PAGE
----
"He may have been the breakout pitcher of the year for the Phillies," Klentak said. "We'd always heard a lot about him and this year he took his performance to another level.

"We're really excited for all four of these guys. All have worked extremely hard and they are all deserving of being added to our roster. Our international scouting operation, Sal Agostinelli and his group, continues to crank out players. They've done a great job. These four pitchers have earned this through their work ethic and performance. By no means is this the ultimate goal for them, but it's one step closer. We believe really strongly in the futures of these four pitchers."

Vielma, 23, is a top defensive shortstop who can also play second and third base. He was waived by Minnesota in September and claimed by the Giants, who let him go in a roster crunch.

"He's an intriguing claim," Klentak said. "He adds depth to our infield."

The Phillies’ roster is at 40. The team will have to clear space if it wants to add a player in next month's Rule 5 draft. Last November, the Phils added 11 players to the 40-man roster and still lost lefty reliever Hoby Milner to Cleveland. Milner failed to make the Indians' opening-day roster, returned to the organization in March and ended up making 37 appearances for the big club after coming up in late June. He was one of 12 rookies to make their big-league debut with the Phillies in 2017.

Notable players who were not protected include outfielders Carlos Tocci and Andrew Pullin and pitcher Brandon Leibrandt.

"One of the byproducts of a strong system is every year there are some tough omissions," Klentak said. "There are always tough calls. But we look at that as a good problem to have."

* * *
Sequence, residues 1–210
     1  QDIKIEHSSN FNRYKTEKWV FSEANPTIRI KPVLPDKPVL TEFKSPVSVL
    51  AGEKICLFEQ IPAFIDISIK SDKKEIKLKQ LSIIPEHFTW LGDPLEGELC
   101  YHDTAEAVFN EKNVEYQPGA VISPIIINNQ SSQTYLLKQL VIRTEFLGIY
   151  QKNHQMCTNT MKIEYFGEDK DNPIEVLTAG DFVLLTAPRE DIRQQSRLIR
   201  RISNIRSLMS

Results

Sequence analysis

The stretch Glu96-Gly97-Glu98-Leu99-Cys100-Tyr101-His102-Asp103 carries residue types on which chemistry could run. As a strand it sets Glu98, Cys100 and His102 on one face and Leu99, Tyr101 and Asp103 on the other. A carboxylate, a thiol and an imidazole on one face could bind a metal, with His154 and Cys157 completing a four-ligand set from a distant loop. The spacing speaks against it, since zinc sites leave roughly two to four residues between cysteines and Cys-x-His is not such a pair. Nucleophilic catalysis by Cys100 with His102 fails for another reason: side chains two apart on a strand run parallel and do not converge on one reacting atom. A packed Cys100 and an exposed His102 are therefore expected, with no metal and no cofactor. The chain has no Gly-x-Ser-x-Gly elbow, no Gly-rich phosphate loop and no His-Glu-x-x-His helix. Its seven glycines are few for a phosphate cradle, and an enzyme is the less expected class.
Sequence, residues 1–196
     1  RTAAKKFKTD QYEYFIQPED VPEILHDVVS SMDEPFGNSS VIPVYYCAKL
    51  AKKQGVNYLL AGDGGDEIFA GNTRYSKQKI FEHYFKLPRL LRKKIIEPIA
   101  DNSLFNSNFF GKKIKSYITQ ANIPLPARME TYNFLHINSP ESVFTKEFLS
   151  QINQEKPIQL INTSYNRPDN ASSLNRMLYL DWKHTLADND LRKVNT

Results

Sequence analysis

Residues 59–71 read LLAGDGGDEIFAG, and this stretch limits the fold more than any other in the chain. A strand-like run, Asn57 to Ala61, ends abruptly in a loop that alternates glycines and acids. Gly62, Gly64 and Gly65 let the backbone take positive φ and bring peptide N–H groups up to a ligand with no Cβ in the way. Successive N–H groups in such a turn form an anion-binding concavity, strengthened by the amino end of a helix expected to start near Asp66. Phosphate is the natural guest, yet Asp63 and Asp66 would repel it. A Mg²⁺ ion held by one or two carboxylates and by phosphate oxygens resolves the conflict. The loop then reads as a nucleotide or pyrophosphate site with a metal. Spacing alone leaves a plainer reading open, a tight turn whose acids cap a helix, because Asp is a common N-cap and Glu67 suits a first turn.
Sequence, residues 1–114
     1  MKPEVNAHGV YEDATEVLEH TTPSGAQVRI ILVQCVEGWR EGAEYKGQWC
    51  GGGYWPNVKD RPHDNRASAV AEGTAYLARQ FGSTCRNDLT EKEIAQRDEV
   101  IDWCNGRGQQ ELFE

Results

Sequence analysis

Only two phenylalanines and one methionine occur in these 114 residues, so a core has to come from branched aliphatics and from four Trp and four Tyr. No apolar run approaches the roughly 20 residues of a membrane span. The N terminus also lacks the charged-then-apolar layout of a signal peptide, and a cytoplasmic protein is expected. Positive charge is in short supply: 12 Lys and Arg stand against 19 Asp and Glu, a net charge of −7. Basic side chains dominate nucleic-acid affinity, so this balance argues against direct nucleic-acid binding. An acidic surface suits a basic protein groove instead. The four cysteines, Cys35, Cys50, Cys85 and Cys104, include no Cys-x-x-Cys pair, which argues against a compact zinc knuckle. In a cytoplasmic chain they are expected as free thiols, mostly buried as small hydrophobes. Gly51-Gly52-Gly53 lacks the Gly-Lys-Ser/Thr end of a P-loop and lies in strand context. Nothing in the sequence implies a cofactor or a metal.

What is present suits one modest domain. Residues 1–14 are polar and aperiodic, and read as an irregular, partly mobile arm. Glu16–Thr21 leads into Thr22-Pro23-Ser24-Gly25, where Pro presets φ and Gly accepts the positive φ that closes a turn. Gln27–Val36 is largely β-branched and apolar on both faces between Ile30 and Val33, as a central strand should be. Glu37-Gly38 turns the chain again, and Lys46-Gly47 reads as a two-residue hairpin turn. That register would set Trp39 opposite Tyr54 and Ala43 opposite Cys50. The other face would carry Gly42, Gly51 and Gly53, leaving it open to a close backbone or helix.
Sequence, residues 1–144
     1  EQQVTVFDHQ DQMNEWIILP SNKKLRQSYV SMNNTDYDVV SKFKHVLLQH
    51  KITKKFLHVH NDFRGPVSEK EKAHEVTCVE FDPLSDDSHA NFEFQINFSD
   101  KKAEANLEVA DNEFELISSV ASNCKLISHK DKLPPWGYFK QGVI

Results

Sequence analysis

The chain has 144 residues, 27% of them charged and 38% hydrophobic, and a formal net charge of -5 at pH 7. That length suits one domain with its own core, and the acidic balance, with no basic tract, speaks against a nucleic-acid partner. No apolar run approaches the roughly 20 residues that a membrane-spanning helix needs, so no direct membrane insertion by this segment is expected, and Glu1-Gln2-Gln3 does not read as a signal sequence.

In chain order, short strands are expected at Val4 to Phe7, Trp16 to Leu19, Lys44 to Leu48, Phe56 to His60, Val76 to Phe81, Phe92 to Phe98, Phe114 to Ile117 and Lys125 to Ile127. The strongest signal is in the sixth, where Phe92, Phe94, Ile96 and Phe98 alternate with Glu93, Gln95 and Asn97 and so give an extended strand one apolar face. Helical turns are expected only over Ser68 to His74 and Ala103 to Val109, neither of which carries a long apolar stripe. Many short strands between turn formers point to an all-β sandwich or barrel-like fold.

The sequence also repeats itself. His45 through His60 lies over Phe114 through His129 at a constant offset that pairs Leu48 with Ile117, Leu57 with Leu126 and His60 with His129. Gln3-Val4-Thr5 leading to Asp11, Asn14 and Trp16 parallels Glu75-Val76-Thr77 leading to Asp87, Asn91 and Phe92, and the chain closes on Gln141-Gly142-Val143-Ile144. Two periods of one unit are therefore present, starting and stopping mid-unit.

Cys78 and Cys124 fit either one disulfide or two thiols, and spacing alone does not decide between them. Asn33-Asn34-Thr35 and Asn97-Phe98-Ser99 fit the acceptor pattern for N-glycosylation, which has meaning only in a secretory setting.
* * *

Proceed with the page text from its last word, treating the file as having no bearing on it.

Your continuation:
New details emerge in investigation into Roy Halladay's death

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New details emerge in investigation into Roy Halladay's death

FORT LAUDERDALE, Fla. -- Retired star pitcher Roy Halladay sped his small sports plane low over the Gulf of Mexico minutes before his fatal crash two weeks ago, climbing sharply in the final seconds before diving into the water, federal investigators said in a preliminary report released Monday.

National Transportation Safety Board investigator Noreen Price placed no blame for the Nov. 7 accident near Tampa, simply laying out the facts as gleaned from the plane's data recorder and eyewitnesses. A final report with conclusions could take one to two years.

Price says Halladay, 40, had taken off from a lake near his Tampa-area home about 17 minutes before the crash, taking his ICON A5 to 1,900 feet (580 meters) before dropping to 600 feet (180 meters) as he neared the coastline. He then dropped to 36 feet (11 meters) when he reached the water. While flying at about 105 mph (170 kph), Halladay skimmed the water at 11 feet (3.3 meters), flying in a circle before climbing to 100 feet (30 meters), the plane's data showed.

A witness told investigators the plane climbed to between 300 and 500 feet (95 to 150 meters) when it turned and went into a 45-degree dive. It slammed into the water and flipped.

Halladay's body was found with the plane, which was severely damaged. The plane itself was equipped with a parachute, but it was not deployed.

The former Toronto Blue Jays and Philadelphia Phillies star had received the plane from ICON on Oct. 10, and was one of the first to receive the model. In one of many enthusiastic tweets about the plane, Halladay said it felt "like flying a fighter jet." He had about 700 hours of flight time after getting his license in 2013, the report says. He had 51 hours in ICON A5s, including 14 in the plane that crashed.

Rolled out in 2014, the A5 is an amphibious aircraft meant to be treated like an ATV, a piece of weekend recreational gear with folding wings that can easily be towed on a trailer to a lake where it can take off from the water.

The man who led the plane's design, 55-year-old John Murray Karkow, died while flying an A5 over California's Lake Berryessa on May 8, a crash the NTSB attributed to pilot error.

Another A5 crashed in April, making a hard landing in the water off Key Largo, Florida, injuring the pilot and his passenger. The pilot told investigators the plane descended faster than he expected.

Halladay, an eight-time All-Star, pitched a perfect game and a playoff no-hitter in 2010. He played for the Blue Jays from 1998 to 2009 and for the Phillies from 2009-13, going 203-105 with a 3.38 ERA.